References: Albano EA, Kanter J. Sister Mary Joseph’s Nodule. N Engl J Med. 5 May 2005;352(18):193.

Tso S, Brockley J, Recica H, Ilchyshyn A. Sister Mary Joseph’s Nodule: an unusual but important characteristic of widespread internal malignancy. Br J Gen Pract. 2013 Oct;63(615):551-552. Doi: 10.3399/bjgp13X673900.

Summary: The condition is named after Sister Mary Joseph (1856-1939), a surgical assistant for Dr. William Mayo, who noted the association between paraumbilical nodules observed during skin preparation for surgery and metastatic intraabdominal cancer confirmed at surgery (Albano and  Kanter, 2005).

EUH Hunt Conference: What is the history of hand, foot, mouth disease in adults?

The Bottom Line: Most commonly diagnosed in children, hand, foot, mouth disease (HFMD) infects approximately 11% of exposed adults, and less than 1% of those infected experience clinical manifestations of the disease (Ramirez-Fort et al, 2014). Most cases resolve on their own, yet supportive treatment can alleviate fever, pain and inflammation (DyanMed Plus, 2018).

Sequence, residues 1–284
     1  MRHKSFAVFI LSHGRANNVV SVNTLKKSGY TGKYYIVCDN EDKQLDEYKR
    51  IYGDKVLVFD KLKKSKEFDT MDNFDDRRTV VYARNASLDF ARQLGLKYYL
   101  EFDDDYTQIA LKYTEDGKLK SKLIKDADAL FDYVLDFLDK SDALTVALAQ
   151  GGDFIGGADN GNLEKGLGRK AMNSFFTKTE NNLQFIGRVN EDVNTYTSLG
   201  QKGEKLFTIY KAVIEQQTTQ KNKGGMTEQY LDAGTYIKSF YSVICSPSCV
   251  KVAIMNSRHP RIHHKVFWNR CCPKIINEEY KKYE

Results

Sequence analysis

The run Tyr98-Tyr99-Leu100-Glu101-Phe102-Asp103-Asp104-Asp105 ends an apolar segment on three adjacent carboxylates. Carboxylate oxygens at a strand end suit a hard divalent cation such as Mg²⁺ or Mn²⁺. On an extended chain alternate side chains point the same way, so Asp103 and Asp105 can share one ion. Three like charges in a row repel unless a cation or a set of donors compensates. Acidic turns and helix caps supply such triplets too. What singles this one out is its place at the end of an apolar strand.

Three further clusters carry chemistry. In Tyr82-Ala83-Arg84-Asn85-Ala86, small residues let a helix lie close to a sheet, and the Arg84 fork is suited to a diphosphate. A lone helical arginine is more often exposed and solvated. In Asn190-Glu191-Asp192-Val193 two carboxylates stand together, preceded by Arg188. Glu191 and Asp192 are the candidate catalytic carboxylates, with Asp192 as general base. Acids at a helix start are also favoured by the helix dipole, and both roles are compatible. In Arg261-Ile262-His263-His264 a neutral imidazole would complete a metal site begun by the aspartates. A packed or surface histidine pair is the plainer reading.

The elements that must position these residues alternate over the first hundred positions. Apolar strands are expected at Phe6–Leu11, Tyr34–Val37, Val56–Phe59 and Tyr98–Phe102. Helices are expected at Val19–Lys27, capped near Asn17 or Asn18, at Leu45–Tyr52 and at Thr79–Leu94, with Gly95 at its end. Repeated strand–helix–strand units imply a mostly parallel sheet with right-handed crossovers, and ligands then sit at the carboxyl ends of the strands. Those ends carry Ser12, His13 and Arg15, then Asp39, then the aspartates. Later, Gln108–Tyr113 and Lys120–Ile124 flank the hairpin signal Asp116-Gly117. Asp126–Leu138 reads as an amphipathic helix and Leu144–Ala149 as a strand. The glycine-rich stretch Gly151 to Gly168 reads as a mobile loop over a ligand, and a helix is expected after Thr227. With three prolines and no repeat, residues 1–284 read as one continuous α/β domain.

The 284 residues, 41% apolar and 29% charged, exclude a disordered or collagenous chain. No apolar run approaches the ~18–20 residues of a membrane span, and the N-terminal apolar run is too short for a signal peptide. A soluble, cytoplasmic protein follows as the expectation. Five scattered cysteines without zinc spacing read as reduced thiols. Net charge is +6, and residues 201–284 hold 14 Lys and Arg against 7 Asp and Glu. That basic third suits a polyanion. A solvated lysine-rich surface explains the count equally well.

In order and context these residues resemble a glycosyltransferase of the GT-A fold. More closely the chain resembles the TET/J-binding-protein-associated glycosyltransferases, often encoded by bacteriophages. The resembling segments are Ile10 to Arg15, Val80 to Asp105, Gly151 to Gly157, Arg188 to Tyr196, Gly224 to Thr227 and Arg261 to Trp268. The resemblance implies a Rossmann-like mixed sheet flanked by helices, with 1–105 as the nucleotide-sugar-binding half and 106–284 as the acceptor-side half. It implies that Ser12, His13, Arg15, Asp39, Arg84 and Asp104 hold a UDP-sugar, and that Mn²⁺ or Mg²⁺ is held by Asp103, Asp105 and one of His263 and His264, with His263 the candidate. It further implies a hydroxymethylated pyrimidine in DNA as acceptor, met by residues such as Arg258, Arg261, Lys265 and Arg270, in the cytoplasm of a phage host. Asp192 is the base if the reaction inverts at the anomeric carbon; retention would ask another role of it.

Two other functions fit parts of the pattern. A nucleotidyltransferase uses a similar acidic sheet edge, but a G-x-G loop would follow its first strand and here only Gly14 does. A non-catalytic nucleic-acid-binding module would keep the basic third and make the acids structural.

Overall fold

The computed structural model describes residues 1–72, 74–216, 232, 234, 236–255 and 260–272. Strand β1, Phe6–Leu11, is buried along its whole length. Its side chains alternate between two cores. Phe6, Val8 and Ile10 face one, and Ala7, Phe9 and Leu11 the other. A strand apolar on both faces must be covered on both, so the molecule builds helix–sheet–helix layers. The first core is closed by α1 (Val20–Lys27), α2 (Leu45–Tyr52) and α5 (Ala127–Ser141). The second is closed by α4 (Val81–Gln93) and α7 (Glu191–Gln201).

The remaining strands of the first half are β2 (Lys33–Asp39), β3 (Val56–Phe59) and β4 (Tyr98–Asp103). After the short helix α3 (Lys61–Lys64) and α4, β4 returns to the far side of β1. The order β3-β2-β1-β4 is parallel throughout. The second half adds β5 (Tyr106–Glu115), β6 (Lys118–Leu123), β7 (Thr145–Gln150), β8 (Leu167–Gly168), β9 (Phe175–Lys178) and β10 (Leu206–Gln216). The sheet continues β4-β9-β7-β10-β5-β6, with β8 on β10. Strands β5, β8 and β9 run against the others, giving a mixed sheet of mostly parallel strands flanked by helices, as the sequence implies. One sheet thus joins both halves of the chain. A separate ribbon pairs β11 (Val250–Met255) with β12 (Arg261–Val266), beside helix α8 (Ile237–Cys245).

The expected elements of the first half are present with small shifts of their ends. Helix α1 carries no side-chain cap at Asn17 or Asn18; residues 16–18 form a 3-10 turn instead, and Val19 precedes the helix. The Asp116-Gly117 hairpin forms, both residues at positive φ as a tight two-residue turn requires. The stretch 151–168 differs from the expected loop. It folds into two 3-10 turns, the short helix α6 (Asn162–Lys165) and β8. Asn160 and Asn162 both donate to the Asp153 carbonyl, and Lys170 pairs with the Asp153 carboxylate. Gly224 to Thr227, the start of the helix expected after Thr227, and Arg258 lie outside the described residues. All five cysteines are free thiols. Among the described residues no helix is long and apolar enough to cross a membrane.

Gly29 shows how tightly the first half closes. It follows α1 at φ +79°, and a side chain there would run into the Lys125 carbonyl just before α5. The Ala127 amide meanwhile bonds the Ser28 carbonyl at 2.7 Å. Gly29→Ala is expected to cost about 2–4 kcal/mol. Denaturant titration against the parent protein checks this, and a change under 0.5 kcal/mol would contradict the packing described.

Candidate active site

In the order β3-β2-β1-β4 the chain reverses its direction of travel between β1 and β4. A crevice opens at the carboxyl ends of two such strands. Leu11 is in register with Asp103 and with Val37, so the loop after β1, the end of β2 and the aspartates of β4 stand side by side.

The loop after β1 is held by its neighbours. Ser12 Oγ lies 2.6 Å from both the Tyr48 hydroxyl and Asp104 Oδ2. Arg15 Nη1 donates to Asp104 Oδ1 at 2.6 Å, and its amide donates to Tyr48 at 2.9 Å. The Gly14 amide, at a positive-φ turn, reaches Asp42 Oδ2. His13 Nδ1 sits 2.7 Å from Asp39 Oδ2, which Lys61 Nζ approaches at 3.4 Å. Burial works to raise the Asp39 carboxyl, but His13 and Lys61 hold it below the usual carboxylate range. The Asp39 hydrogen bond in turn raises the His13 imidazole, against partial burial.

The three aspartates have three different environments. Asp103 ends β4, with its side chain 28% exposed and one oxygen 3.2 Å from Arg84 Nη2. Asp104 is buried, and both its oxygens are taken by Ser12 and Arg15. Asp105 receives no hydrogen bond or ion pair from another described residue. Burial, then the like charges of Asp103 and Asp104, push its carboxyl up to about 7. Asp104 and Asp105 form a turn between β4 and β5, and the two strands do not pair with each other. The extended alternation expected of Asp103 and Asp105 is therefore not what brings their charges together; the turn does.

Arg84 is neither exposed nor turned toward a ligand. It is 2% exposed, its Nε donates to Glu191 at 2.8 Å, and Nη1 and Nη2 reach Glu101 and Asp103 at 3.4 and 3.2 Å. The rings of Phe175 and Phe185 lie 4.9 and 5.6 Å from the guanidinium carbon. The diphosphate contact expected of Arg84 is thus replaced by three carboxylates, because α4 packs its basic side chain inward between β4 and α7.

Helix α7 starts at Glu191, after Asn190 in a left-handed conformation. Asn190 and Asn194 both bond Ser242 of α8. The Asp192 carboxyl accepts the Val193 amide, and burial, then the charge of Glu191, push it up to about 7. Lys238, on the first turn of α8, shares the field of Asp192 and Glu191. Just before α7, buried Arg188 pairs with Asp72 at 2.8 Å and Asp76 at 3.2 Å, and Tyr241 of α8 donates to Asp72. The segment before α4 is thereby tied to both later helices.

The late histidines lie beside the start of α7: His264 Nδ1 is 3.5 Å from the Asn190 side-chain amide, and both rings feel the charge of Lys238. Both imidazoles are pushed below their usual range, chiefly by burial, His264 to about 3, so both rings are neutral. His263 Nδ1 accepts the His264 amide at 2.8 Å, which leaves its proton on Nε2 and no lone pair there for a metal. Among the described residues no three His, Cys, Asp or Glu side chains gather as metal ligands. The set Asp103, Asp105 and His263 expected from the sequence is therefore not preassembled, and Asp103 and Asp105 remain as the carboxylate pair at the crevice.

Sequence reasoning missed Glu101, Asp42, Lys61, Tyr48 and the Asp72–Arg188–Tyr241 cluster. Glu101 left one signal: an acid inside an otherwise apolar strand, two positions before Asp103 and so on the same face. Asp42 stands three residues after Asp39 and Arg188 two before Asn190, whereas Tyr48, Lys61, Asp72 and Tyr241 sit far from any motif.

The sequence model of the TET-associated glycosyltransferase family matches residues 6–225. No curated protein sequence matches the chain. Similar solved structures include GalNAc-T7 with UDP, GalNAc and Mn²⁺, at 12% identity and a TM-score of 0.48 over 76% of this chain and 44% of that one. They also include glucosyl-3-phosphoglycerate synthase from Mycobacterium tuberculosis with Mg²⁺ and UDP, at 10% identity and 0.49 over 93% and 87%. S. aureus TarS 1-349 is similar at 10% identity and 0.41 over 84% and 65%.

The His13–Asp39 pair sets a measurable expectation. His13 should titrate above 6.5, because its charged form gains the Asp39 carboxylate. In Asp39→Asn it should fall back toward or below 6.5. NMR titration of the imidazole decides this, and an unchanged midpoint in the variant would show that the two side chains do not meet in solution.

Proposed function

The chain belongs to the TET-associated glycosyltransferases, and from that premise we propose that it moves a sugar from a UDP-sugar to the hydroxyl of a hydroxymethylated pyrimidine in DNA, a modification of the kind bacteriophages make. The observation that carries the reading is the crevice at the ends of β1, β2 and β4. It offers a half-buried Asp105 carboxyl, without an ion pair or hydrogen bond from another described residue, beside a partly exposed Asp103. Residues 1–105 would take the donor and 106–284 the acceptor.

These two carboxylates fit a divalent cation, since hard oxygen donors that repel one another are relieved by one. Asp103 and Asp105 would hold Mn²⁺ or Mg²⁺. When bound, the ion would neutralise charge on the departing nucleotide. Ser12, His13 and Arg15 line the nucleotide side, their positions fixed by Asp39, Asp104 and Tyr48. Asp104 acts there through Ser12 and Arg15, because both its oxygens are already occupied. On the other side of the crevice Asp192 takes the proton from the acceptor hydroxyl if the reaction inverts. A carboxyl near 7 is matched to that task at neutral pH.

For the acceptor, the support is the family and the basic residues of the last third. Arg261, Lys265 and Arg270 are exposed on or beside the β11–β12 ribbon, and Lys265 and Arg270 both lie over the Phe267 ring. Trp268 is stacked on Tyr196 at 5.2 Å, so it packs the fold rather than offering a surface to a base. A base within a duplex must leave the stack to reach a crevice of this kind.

References:  DynaMed Plus [Internet]. Ipswich (MA): EBSCO Information Services. 1995 – . Record No. 116931, Hand-foot-and-mouth disease; [updated 2018 Feb 22, cited 2018 Jun 19]; [about 10 screens]. Available from http://www.dynamed.com/login.aspx?direct=true&site=DynaMed&id=116931. Emory login required.

Ramirez-Fort MK, Downing C, Hung Q, et al. Coxsackievirus A6 associated hand, foot and mouth disease in adults: Clinical presentation and review of the literature. J Clin Virol. 2014 Aug;60(4):381-6. Doi:10.1016/j.jcv.2014.04.023

Summary: Complications are rare but can include the following (DynaMed Plus, 2018):

  • temporary nail shedding
  • myocarditis
  • pulmonary edema
  • neurologic complications
    • viral oraseptic meningitis
    • brainstem encephalitis
    • neurogenic pulmonary edema
    • acute flaccid paralysis
    • opsoclonus-myoclonus syndrome
    • cerebellar ataxia
    • Guillain-Barre syndrome
    • transverse myelitis

EUH Hunt Conference: A review of Horner syndrome

The Bottom Line: Horner syndrome results from an interruption of sympathetic innervation to the eye. The classic triad is unilateral ptosis (slight narrowing of the ocular fissure), miosis (smaller pupil on the affected side), and anhidrosis (lack of perspiration on the forehead or face). Horner syndrome is not likely to cause any functional visual disturbance but is of great importance clinically as a “red flag” warning that the oculosympathetic pathway has been interrupted and thus there may be potentially life-threatening lesions in the head, neck, and chest.

Reference: Martin TJ. Horner syndrome: a clinical review. ACS Chem Neuroscience. 2018 Feb 21;9(2):177-186. Doi:10.1021/acschemneuro.7b00405